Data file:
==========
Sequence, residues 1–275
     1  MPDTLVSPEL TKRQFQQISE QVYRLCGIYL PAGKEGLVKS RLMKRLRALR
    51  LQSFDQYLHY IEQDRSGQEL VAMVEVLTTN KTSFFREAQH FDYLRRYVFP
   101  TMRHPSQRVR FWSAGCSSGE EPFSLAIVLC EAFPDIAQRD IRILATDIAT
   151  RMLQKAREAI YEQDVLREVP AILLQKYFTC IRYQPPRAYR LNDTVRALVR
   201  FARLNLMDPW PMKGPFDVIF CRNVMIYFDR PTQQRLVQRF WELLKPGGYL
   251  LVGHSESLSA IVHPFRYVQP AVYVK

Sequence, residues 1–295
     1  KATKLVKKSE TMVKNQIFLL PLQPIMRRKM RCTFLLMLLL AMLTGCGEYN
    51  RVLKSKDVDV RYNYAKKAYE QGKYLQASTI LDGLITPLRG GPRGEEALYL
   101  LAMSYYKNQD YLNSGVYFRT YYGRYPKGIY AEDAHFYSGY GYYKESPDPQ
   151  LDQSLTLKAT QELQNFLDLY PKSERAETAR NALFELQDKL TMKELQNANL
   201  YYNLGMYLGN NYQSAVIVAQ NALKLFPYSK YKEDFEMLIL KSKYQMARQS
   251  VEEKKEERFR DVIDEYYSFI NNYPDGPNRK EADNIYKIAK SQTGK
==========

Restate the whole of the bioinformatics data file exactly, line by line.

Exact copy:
Sequence, residues 1–275
     1  MPDTLVSPEL TKRQFQQISE QVYRLCGIYL PAGKEGLVKS RLMKRLRALR
    51  LQSFDQYLHY IEQDRSGQEL VAMVEVLTTN KTSFFREAQH FDYLRRYVFP
   101  TMRHPSQRVR FWSAGCSSGE EPFSLAIVLC EAFPDIAQRD IRILATDIAT
   151  RMLQKAREAI YEQDVLREVP AILLQKYFTC IRYQPPRAYR LNDTVRALVR
   201  FARLNLMDPW PMKGPFDVIF CRNVMIYFDR PTQQRLVQRF WELLKPGGYL
   251  LVGHSESLSA IVHPFRYVQP AVYVK

Sequence, residues 1–295
     1  KATKLVKKSE TMVKNQIFLL PLQPIMRRKM RCTFLLMLLL AMLTGCGEYN
    51  RVLKSKDVDV RYNYAKKAYE QGKYLQASTI LDGLITPLRG GPRGEEALYL
   101  LAMSYYKNQD YLNSGVYFRT YYGRYPKGIY AEDAHFYSGY GYYKESPDPQ
   151  LDQSLTLKAT QELQNFLDLY PKSERAETAR NALFELQDKL TMKELQNANL
   201  YYNLGMYLGN NYQSAVIVAQ NALKLFPYSK YKEDFEMLIL KSKYQMARQS
   251  VEEKKEERFR DVIDEYYSFI NNYPDGPNRK EADNIYKIAK SQTGK